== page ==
Beit Shean

Overview

Introduction

Beit Shean, located 75 mi/120 km north of Jerusalem, is home to a national park that boasts one of the largest and most important archaeological sites in Israel. Covering 400 acres/161.8 hectares, the ruins date back more than 5,000 years and consist of several layers of cities from different ages (one built over the foundations of another). To date, only about one-tenth of the ancient cities have been uncovered.

The best-preserved ruins at the site are from the Greek and Roman eras. Visit the Roman Amphitheater and the wide colonnaded Palladius Street, which the Byzantines restored (rooms off the street have mosaic floors). From the tel (hill), there are excellent panoramic views of the ruins and the Galilee area. Many of the excavations in the park can be worked by volunteers (digs are conducted June-September). The park is open 8 am-4 pm.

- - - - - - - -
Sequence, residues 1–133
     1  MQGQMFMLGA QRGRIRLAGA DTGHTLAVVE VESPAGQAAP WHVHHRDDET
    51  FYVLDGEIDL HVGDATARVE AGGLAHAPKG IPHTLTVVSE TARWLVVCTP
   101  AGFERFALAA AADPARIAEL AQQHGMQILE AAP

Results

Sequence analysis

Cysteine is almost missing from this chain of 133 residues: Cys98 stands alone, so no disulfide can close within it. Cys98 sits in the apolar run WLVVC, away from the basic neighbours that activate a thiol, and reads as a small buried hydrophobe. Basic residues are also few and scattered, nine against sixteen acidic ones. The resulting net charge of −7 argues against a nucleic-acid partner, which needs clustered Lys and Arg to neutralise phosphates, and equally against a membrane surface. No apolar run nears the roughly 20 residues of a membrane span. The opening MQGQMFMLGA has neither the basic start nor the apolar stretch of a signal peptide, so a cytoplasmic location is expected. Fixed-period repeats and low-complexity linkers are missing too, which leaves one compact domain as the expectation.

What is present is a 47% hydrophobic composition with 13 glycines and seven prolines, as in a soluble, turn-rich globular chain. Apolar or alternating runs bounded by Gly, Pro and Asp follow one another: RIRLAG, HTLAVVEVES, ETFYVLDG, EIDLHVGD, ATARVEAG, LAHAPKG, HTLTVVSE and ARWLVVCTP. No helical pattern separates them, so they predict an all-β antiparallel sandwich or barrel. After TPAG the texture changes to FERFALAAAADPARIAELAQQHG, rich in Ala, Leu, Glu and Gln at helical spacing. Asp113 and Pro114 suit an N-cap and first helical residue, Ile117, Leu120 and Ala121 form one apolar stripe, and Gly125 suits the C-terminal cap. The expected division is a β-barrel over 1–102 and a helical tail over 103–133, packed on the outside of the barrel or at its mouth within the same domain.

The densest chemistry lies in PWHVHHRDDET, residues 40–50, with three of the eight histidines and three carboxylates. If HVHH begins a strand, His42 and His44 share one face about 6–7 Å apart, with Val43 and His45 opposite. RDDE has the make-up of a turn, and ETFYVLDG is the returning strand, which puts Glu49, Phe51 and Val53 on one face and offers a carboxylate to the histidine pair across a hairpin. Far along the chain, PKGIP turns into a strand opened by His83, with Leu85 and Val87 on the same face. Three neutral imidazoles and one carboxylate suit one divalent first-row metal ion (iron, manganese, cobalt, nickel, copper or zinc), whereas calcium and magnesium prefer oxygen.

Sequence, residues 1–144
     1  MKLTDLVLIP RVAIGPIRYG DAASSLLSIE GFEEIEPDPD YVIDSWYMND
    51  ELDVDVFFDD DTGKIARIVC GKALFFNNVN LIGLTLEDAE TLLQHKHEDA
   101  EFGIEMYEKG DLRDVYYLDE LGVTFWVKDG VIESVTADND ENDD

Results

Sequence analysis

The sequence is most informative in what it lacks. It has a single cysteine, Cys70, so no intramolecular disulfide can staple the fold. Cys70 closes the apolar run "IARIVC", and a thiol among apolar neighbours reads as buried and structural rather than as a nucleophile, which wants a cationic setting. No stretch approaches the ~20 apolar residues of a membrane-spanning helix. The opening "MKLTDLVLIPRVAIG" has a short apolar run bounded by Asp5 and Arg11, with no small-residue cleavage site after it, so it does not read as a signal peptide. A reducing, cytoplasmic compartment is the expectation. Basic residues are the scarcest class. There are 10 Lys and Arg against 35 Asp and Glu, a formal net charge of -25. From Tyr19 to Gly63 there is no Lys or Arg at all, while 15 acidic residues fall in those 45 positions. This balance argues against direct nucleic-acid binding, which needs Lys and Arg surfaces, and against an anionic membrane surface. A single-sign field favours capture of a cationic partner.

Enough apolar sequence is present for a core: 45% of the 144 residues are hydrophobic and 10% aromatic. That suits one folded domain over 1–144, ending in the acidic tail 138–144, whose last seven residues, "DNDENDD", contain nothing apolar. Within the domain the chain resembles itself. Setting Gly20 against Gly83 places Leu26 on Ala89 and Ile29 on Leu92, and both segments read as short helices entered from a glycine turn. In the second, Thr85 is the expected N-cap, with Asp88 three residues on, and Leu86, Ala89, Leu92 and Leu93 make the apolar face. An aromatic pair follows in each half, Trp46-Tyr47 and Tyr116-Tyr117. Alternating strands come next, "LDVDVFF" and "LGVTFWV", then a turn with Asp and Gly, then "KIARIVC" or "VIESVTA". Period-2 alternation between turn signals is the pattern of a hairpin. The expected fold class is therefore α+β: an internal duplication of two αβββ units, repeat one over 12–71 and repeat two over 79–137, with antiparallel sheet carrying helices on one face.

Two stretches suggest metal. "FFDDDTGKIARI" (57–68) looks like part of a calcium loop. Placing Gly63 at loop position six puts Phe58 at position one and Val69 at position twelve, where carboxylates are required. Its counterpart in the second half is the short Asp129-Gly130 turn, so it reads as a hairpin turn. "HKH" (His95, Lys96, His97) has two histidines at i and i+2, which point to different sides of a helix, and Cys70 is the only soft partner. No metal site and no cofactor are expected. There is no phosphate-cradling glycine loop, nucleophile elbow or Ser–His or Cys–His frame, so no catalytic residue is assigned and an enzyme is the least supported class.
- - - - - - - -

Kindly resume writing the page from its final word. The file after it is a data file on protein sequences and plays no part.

In town, there's a museum tracing the history of the various settlements. The ruins of a 12th-century Crusader's castle (specifically, of the French Knights Hospitallers) can be seen in nearby Belvoir. The Beit Shean area is usually seen as a stop on the road from Jerusalem to Tiberias.

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